It’s tough being a Tory at university
Why is everyone so surprised when they learn I voted Conservative?
A little over two months and numerous exams ago, many of us closed our textbooks and gave ourselves a night off from revision for the most important political event of the year. Pollsters said it was going to be the closest election for decades, but for many first-time voters the choice was relatively straight-forward. In my case, I’d known my political inclination since the age of 14.
I, along with 11.35 million other people, voted Conservative. Given the size of that number, and the fact a Tab poll found almost half of my uni planned to vote Tory, you wouldn’t think my decision would be perceived as maverick. However, tell anyone I voted for Cameron and co and they look at me very strangely.
Being a Tory at university means dealing with a variety of reactions from people: sometimes diplomatic, sometimes shady, often negative. I’ve even been asked if I’m evil. The person in question acted like I’d just stolen their drink or burnt them with a cigarette. If I’m honest, it was quite amusing.
One friend responded to the news simply by saying “Oh”. It turned out they’d never met a Conservative voter before, which might be why their expression made it seem like I’d said something obscene. Even complete strangers feel the need to weigh in. While walking down the road discussing the Labour leadership election with a friend, I said I found the contest interesting even though I don’t vote for them. A passer-by butted in to tell me: “Well, you would vote for them if you weren’t privileged.” I was taken aback. This person had no idea who I was or what I do.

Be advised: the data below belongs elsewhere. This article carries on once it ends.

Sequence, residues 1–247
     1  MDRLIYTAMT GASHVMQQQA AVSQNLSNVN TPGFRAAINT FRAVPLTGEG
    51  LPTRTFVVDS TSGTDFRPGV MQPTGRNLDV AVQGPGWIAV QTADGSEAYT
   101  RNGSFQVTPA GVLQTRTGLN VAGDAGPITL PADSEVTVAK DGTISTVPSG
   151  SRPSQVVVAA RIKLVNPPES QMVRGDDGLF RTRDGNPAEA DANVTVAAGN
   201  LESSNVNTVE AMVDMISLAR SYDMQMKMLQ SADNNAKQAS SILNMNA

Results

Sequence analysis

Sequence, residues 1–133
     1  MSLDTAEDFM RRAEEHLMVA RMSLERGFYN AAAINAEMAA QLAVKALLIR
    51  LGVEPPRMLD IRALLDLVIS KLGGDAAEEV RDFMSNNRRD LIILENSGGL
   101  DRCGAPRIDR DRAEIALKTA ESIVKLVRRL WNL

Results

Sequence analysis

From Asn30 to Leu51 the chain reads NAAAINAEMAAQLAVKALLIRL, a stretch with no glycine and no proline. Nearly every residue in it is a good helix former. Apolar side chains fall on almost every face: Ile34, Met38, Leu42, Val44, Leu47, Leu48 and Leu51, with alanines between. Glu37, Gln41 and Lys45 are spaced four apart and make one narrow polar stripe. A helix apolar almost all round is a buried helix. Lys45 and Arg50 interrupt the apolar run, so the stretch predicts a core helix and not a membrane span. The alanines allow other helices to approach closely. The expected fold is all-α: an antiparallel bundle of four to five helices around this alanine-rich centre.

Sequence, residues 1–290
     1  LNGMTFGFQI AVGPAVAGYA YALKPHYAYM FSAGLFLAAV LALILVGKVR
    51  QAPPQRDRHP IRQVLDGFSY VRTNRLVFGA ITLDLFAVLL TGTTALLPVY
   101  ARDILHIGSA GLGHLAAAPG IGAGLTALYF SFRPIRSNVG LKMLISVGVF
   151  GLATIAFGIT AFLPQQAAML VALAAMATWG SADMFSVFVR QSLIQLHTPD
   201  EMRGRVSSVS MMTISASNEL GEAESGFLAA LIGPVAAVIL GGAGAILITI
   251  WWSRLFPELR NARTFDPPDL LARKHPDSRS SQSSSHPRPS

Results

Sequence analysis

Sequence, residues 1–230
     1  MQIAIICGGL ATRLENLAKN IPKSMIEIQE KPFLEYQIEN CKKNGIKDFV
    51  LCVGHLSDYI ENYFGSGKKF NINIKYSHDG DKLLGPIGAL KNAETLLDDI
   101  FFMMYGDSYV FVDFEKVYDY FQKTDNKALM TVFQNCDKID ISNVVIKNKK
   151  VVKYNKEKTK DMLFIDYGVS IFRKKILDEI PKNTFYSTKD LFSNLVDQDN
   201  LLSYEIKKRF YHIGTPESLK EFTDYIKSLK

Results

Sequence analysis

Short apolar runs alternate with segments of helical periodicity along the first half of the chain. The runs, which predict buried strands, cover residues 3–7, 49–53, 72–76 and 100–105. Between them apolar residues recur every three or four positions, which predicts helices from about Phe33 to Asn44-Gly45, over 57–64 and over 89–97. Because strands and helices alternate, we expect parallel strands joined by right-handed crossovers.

These incidents are of course not representative of everyone, but the vocal minority are so loud sometimes it’s deafening. Conservative students may seem like a hard concept to grasp at first, but trust me we exist. You just don’t notice us as often. Despite marches and protests being a common student activity, they aren’t really our thing. All that shouting is terribly loud and most of my shoes start to rub if I walk for too long. Also, most protest signs aren’t even funny.
In many ways, the Conservatives should be the natural student party. Like the Tories, students know all too well not to spend more money than you have and many of us believe in the principle of tuition fees (even if they are eye-watering). After all, many of us have siblings who decided not to go to uni and why should they subsidise us? The loan system exists so anybody can go to uni but countless people just don’t get this. The phrase “There ain’t no such thing as a free lunch” springs to mind.
So before you criticise, mock and deride student Tories, understand we’re not evil. We don’t believe in shutting down the NHS or leaving people to starve on the street. Very few of us can ride a horse and, quite frankly, even less of us have any idea when pheasant-hunting season is. The angry reaction some people have to us is as bad as the religious right in America who call Barack Obama a communist and question where he was born. We can do better.